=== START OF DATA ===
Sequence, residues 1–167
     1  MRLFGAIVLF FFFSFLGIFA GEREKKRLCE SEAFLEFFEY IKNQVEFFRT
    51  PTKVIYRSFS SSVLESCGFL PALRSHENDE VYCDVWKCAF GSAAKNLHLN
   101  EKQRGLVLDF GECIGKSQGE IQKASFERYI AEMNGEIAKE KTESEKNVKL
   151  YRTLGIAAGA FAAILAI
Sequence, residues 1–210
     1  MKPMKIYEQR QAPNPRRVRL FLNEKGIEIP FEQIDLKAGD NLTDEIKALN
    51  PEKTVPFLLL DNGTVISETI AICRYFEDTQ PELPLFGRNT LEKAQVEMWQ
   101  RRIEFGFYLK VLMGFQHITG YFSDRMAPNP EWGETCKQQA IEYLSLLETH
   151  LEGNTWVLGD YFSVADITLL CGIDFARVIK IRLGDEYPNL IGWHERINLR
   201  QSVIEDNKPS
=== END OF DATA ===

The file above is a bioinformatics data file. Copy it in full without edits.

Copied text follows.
Sequence, residues 1–167
     1  MRLFGAIVLF FFFSFLGIFA GEREKKRLCE SEAFLEFFEY IKNQVEFFRT
    51  PTKVIYRSFS SSVLESCGFL PALRSHENDE VYCDVWKCAF GSAAKNLHLN
   101  EKQRGLVLDF GECIGKSQGE IQKASFERYI AEMNGEIAKE KTESEKNVKL
   151  YRTLGIAAGA FAAILAI
Sequence, residues 1–210
     1  MKPMKIYEQR QAPNPRRVRL FLNEKGIEIP FEQIDLKAGD NLTDEIKALN
    51  PEKTVPFLLL DNGTVISETI AICRYFEDTQ PELPLFGRNT LEKAQVEMWQ
   101  RRIEFGFYLK VLMGFQHITG YFSDRMAPNP EWGETCKQQA IEYLSLLETH
   151  LEGNTWVLGD YFSVADITLL CGIDFARVIK IRLGDEYPNL IGWHERINLR
   201  QSVIEDNKPS